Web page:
due to the formation of Zn-O-Fe bond, similar appearance was
reported by Changlin et al. [29].
Further, ZnFe2O4 scratched powder sample were characterized
by Raman spectrophotometer and the resulting spectra is depicted
in Fig. 2(c). ZnFe2O4 Raman spectra exhibits much stronger ve
active Raman modes (A1g + Eg + 3F2g) at 210, 271, 335, 476 and
648 cm1 which revealed cubic spinel structure of ZnFe2O4 sample.
It has been reported that, Raman signal of cubic spinel ferrite at
648 cm1(above 600 cm1) is reasonably considered to have A1g
symmetry of oxygen in tetrahedral AO4 group while the other low
frequency modes at 271 cm1(E2g) and at 210, 335, 476 cm1 (F2g)
i.e. (Eg + 3F2g) representing the characteristics of the octahedral
sites (BO6) [30].
3.2. Surface morphological studies
Fig. 3 (a) shows the FE-SEM image of SS substrate as reference.
Fig. 3 (b) shows FE-SEM image of ZnFe2O4 thin lm on SS substrate

Fig. 3. FE-SEM images of (a) SS substrate and (b) ZnFe2O4 thin lm. (c) Cross-sectional SEM image of ZnFe2O4 thin lm. (d) EDAX pattern of ZnFe2O4 scratched powder.

S.S. Raut, B.R. Sankapal / Electrochimica Acta 198 (2016) 203211

where the formation of nanoparticles of ZnFe2O4 attached on the


surface of nanoplate is observed. The cross-sectional SEM image
indicates the porous structured lm onto SS substrate with the
average lm thickness about 41 mm as shown in Fig. 3 (c). The
chemical composition of the particles scratched from the lm was
analysed by EDS. The strong peak of Zn, Fe and O elements were
observed in the spectrum which shows the inclusion of elements in
formed compound [Fig. 3 (d)].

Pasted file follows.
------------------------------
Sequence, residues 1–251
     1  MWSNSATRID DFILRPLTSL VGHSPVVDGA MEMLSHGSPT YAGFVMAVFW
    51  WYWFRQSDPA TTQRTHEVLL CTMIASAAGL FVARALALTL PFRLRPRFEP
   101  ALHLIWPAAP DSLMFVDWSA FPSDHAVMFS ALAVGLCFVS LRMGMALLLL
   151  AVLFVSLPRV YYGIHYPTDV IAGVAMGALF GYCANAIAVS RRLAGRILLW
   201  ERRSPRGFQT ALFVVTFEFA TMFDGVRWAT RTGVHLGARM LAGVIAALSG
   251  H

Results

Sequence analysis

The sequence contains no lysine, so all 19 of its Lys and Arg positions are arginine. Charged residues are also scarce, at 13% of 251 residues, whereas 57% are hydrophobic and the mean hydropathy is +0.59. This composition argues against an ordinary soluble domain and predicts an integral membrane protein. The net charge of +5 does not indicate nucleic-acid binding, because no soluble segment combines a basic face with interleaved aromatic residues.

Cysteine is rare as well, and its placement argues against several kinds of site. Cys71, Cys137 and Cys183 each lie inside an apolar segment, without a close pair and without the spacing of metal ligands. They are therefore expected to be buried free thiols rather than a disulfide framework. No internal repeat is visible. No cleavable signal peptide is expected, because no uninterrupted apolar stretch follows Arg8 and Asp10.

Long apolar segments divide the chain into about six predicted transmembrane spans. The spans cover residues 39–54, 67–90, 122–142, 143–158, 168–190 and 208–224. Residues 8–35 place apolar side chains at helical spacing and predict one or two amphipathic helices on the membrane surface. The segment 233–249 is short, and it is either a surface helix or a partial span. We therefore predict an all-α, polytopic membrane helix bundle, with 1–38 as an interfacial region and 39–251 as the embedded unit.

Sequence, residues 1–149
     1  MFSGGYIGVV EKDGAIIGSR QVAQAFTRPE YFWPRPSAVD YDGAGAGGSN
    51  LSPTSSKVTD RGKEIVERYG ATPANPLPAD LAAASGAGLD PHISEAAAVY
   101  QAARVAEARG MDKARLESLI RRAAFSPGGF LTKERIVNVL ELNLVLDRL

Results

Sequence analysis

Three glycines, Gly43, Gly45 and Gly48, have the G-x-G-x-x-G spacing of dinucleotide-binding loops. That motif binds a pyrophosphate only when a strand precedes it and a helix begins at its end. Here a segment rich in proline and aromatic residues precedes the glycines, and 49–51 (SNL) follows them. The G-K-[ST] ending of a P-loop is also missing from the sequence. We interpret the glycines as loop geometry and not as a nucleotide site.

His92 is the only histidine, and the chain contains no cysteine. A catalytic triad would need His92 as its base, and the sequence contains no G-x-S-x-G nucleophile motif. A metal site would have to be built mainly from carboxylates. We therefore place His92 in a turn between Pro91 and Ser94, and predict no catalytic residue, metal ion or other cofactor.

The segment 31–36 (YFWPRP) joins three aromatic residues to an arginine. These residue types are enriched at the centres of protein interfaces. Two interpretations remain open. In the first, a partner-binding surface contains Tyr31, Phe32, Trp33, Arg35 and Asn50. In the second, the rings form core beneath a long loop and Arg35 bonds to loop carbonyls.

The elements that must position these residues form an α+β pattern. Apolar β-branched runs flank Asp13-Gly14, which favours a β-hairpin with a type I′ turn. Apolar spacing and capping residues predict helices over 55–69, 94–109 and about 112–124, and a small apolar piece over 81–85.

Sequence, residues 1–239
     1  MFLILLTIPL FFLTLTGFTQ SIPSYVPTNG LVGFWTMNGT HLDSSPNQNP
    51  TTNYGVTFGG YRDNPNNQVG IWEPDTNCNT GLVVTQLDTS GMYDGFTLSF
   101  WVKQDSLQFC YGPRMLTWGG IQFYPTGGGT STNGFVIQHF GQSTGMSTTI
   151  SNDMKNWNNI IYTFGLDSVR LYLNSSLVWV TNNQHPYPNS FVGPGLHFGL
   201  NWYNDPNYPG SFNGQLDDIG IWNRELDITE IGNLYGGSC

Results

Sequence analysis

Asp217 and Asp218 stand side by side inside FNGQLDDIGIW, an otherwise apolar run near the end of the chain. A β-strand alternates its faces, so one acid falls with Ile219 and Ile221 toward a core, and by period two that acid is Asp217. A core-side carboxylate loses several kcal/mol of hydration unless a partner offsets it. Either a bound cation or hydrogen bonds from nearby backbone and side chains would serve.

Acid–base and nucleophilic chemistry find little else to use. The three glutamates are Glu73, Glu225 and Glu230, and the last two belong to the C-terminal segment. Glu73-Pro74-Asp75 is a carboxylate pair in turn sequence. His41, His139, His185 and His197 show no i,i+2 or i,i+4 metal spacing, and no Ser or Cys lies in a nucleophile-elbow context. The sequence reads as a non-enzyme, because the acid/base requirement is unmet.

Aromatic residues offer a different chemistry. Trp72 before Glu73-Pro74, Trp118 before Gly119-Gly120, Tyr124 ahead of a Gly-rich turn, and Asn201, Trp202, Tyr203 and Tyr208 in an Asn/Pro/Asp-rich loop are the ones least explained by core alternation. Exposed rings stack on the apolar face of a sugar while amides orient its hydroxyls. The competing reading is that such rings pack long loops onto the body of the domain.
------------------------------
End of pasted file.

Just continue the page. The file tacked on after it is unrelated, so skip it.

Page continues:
In order to get insight view about shape, size and distribution of
ZnFe2O4 nanostructures, TEM and high resolution TEM (HR-TEM)
images have been recorded. A TEM image clearly shows the
ZnFe2O4 nanoparticles of size 1020 nm [Fig. 4(a)]. The electron
diffraction pattern of the ZnFe2O4 displays several concentric
diffraction rings, indicating the nanocrystalline nature of the
formed ZnFe2O4 [Inset, Fig. 4(a)]. Fig. 4(b) shows HR-TEM image of
ZnFe2O4 where clear evidence of the lattice fringes with
interplanar spacing of 0.242 nm is observed which corresponds
to (222) plane of ZnFe2O4 exhibiting cubic spinel structure which
well supports with the results obtained by XRD studies.

Fig. 4. (a) TEM image of ZnFe2O4 (inset is electron diffraction pattern of ZnFe2O4)
and (b) HR-TEM image of ZnFe2O4.

207

3.3. Electrochemical supercapacitor studies of ZnFe2O4 thin lm


The electrochemical performance of ZnFe2O4 thin lm as a
working electrode was studied in a three electrode system. The
effect of mass loading on cyclic voltammetry was studied by
controlling the number of SILAR cycles [Fig. 5(a)]. For 20 SILAR
cycles, the response of ZnFe2O4 was very close to pseudocapacitive
behavior with good reversibility represented by two noticeable
peaks, whereas electrode for 25 SILAR cycles exhibits only
oxidation peak and not showing reversibility. Above 25 cycles,
the lm peel off due to the development of tensile stress that tends
to cause delamination as the lm becomes thicker [31]. Hence
supercapacitor properties were studied for 20 SILAR cycle
deposited lm in order to get good reversibility. For nding the
suitable electrolyte concentration, the cyclic voltammetry (CV) of
ZnFe2O4 thin lm electrode was examined in three concentrations
of NaOH electrolyte in the voltage range of 0 to 1.0 V at 5 mVs1
scan rate [Fig. 5(b)]. With variation in concentration from 0.1 to
1.5 M, distortion in CV curve was observed at lower electrolyte
concentration however the increase in current under the curve
with well resolved redox peak is observed at higher concentration.
The effect of scan rate (5 to 100 mVs1) on the ZnFe2O4 thin lm
electrode was studied in 1 M NaOH electrolyte with 0 to 1.0 V
operational voltage window [Fig. 5(c)]. The response of the